Tim's closing thought on the sales is: "I don't want to be too sad about its hitting its numbers, there's just always this little part of me that thinks 'what if it was this crazy unexpected outlier hit'" or words to that effect.

So it's not bare minimum hitting its numbers: it's selling about what they thought it would sell, they're just mildly disappointed it didn't become a 'hit' for them.

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So it's not bare minimum hitting its numbers: it's selling about what they thought it would sell, they're just mildly disappointed it didn't become a 'hit' for them.

Your posting made me remember that we actually have some numbers to check this.

First, we have "Production Update #1: Where does all the $$$$ go?" ( http://www.doublefine.com/forums/viewthread/6443/ ): From the Kickstarter, they had a budget of 2,23 M$ for BA.

Next, we have Act 1 Production Statistics (http://www.doublefine.com/forums/viewthread/13509/"): Act 1 needed a total of 339 man months; if we take 10 K$ per MM, Act 1 cost 3,39 M$. So, there are 1,16 M$ missing for Act 1.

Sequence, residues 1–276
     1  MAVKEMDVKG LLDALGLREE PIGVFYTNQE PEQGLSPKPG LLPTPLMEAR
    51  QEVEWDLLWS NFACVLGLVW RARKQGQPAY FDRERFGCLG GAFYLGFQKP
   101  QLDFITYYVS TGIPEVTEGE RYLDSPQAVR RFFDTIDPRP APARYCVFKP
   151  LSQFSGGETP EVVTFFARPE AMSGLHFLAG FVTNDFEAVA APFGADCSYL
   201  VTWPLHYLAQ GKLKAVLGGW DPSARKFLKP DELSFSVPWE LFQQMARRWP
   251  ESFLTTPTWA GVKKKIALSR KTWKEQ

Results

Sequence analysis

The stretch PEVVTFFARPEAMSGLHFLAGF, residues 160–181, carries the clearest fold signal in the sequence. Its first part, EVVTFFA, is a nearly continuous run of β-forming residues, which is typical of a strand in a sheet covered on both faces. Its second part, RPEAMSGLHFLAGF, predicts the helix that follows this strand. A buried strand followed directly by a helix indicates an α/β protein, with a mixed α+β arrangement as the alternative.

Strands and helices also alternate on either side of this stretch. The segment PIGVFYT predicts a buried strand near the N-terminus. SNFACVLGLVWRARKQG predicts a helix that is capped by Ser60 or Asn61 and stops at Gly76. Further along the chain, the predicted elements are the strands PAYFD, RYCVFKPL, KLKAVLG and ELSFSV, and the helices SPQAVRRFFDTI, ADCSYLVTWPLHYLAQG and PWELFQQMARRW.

Stating your 1,6 M$ on Steam would bridge that gap, but barely so, because 1st we don't know if this number is before or after any Steam fees, and second we still have to take into account the development cost for Act 2.

And if I were to use the 14 K$ per MM that you've quoted as Tim's upper limit earlier in this thread, the total cost of Act 1 is way over 4 M$.

I fail to see how that is anything but hitting bare minimum.

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With regards to Broken Age:

I think this is a red herring! :) You'd better ask the 90k backers who paid an average of $35 for a game that didn't even exist yet in concept. Or the people who bought Act 1 on release (since it is, after all, hitting its low-end target sales figures, according to the last doc.)